It is dusk in Calabasas Park. The bearded man walks up to the front door of the house on the bluff at the end of Park Vicente, and rings the door bell. The husband appears, smiling, and welcomes him inside. The husband is wearing a V-neck sweater and gray slacks. He leads the bearded man to the family room where he has been watching television. They sit down on a sofa, and, after a few words of small talk, the husband returns his attention to the television. He is now watching a program, whose premise, in imitation of the Superstars competition, is to find the best bar bouncer and the best belly flop diver in the country.
A huge black man (Mr. T), who claims he was Leon Spinks’ former bodyguard, is the last contestant in the bouncer competition. Mr. T has a shaved head, a goatee, and a ring through his nose, and he looks like someone who should be hanging by one hand from the Empire State Building. A bell rings and Mr. T dives over a fake bar, picks up a dummy and heaves it, head first, through a plate glass window. Then Mr. T crashes through a door, splintering it, and rings a bell. His time is recorded and he is judged the winner. He is interviewed by Bruce Jenner.
After a commercial, during which the husband is still silent, the belly flop championships begin. A man in a straw boater and a tuxedo climbs up onto a diving board and leaps off into a pool. He lands with a splat on his stomach. The audience around the pool cheers wildly. The next contestant, a man in a red t-shirt, dives off the board and as he is suspended in mid-air, his arms outstretched like wings, he bursts into flames. The flames are doused when he hits the water. The bearded man can’t keep from laughing at this. The husband looks at him for a moment, and only then does he smile.
The wife appears, holding the daughter with the broken wrist. The daughter, a beautiful blonde child with pouting lips, is sobbing with pain. The husband says to the bearded man, “Well, let’s get the interview over. We can do it in my office.”
But before he can raise, his wife snaps at him.
“Oh, Garvey, you make me sick,” she says. “Stay right there!” She goes over to the television set and turns it off. “Did you offer him a drink, at least?”
The husband jumps up and asks the bearded man if he would like a Pepsi. He goes to the kitchen to get one. While he is gone, the wife says, “Sometimes, he just…I mean, he leaves the dumb TV on when you’re here. I hate that. And then he pulls that interview shit…” She shakes her head.
When the husband returns with the Pepsi, the wife hands him their daughter for a few moments. The husband is very careful in the way he holds his daughter. While his wife and the bearded man talk, he sooths his daughter with his voice. Soon, her eyes fill with sleep. He gently presses her head to his chest. Finally, the wife tells the bearded man she had best put her daughter to bed, and then get to bed herself in order to get up in time for tomorrow morning’s show. The husband hands her the child, and the wife and child go upstairs. The husband looks down at his sweater. His sweater is wrinkled from the warmth of his daughter’s body. With the palms of both hands, he smoothes away the wrinkles, and then sits back on the sofa.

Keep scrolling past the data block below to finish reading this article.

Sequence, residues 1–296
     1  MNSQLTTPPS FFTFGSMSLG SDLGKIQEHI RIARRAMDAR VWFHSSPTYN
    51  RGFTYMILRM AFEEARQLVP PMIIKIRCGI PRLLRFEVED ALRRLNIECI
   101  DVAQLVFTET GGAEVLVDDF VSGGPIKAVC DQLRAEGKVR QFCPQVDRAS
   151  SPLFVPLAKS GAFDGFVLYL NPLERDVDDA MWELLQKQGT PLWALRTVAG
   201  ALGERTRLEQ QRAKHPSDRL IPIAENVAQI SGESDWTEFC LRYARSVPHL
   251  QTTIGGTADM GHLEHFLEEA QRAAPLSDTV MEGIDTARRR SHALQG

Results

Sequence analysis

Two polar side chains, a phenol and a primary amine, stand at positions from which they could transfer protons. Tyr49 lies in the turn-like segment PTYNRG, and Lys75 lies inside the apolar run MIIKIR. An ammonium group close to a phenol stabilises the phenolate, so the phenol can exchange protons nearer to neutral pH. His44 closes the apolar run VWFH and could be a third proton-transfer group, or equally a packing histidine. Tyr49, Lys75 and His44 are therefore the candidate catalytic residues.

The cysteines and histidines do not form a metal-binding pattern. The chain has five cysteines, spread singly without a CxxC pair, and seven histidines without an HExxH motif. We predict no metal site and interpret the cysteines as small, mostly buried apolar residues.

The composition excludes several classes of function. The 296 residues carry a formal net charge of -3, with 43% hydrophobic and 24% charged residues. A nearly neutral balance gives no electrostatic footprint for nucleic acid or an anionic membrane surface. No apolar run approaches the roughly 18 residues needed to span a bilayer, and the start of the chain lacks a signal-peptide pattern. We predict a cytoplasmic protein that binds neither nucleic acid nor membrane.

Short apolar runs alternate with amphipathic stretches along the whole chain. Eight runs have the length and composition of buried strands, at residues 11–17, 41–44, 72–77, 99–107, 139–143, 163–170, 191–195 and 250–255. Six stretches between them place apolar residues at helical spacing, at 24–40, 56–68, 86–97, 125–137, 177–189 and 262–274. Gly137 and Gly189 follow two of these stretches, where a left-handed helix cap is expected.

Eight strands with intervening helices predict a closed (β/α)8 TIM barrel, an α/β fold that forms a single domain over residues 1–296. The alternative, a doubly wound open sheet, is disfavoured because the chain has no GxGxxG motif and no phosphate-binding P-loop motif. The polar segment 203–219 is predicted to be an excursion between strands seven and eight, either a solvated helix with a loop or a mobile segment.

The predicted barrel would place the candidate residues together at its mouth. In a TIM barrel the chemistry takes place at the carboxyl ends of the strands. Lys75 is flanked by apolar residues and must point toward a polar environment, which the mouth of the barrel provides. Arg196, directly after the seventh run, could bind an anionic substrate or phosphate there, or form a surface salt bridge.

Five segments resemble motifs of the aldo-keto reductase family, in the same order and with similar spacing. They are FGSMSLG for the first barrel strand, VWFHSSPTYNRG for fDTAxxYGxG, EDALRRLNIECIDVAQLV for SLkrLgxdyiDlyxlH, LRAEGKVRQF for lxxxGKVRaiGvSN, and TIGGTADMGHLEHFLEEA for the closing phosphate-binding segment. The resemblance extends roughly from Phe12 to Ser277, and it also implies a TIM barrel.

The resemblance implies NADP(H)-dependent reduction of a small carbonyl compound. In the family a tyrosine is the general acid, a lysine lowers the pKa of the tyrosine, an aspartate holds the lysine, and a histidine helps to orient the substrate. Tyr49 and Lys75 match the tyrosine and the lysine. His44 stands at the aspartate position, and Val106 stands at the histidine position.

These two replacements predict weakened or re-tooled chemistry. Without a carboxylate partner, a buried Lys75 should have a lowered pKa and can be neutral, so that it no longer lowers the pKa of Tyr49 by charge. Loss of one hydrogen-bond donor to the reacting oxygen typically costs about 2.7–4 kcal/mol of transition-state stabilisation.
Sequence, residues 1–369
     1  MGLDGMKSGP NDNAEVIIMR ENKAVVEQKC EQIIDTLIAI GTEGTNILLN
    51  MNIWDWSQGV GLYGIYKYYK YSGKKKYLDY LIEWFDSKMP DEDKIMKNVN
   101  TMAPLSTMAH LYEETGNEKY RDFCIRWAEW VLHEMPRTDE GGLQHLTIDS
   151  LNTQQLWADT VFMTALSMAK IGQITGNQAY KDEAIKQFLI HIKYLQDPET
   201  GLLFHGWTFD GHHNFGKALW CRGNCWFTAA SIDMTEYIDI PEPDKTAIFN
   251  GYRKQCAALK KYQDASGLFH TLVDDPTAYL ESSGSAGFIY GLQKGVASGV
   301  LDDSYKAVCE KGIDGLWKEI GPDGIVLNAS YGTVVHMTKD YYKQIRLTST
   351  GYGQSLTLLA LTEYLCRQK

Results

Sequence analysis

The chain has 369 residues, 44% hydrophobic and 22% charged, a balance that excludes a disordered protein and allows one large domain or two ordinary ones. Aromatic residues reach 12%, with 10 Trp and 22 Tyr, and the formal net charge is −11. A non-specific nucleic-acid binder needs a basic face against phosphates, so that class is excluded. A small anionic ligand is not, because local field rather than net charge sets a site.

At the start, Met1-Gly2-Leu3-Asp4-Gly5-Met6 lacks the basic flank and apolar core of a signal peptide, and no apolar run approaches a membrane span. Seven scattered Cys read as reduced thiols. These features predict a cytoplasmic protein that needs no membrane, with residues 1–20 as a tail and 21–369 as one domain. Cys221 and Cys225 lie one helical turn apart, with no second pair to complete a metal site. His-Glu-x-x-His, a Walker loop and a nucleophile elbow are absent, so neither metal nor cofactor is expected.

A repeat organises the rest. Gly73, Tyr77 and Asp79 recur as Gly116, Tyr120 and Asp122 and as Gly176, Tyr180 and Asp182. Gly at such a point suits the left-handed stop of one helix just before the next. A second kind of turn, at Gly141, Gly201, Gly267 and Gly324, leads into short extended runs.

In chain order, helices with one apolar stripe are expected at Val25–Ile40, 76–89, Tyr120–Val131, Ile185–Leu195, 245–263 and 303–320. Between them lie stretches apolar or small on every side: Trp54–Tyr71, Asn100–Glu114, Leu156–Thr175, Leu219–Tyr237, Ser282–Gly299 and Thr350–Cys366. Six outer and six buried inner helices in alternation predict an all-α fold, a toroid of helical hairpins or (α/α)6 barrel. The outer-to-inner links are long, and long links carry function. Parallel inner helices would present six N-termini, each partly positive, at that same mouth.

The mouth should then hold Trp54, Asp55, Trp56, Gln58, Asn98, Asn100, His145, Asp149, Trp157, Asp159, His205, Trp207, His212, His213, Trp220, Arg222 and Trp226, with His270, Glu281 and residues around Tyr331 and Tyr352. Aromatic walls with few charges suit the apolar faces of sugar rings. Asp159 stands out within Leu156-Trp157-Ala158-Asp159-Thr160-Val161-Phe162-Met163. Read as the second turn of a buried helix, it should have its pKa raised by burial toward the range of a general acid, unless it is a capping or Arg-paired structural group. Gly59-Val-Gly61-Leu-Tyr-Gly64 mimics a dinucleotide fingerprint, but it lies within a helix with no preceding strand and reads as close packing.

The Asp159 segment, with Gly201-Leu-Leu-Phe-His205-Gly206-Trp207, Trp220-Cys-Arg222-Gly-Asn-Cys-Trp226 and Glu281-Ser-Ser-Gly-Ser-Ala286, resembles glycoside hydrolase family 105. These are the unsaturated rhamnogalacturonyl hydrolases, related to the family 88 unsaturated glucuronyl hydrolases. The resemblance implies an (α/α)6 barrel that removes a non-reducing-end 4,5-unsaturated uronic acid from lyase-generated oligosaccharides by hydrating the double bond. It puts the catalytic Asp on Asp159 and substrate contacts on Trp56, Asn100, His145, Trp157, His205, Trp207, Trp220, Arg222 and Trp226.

“This is the first year, she’s been out working,” says the husband. “She’s sacrificed a lot for my career. I’d like her to have a job of more importance than mine, not so much for her to be a success, but so she’ll be happy. I love the woman very deeply. I have this sense of injustice because of what I do. It’s been draining to her. You see her now in a period of frustration. The things she’s told you, she’s told you out of emotion. Deep down she knows there’s nothing I can do about my job. She used to do a lot of things with me but now she doesn’t have time because of her job. I do things alone or else I try to fit my schedule into hers…
“We’re not so different from most people, really. People would see that if they just didn’t take into account our appearance. We’re just two people who love each other and who have gone through a lot…I hope…maybe…it’s just a cycle she’s going through…what do you think?”
When the bearded man tells the husband what he wants to hear, the husband smiles. It is unlike his other smile. It is a smile of absolute vulnerability. The husband is genuinely infatuated with his wife, in the same way a porcelain collector is infatuated with an exquisite piece—a ballerina poised on one toe as she is about to pirouette. He has loved her in the same way for ten years, and now that that is no longer enough for her, he is confused.
Finally, the bearded man gets up to leave. The husband shakes his hand at the door and tells him he is sure he and his wife will resolve their difficulties. The bearded man says he is sure they will, too. The husband opens the front door and the bearded man steps outside into the darkness. It is night, now, and strangely quiet. There is not even the sound of crickets in the hot stillness of this arid land that was not meant for human habitation. The bearded man gets into his car, and as he pulls out of the driveway, he sees the husband, a silhouette, framed in the doorway by the light at his back. The silhouette waves once, and then turns its back and closes the door.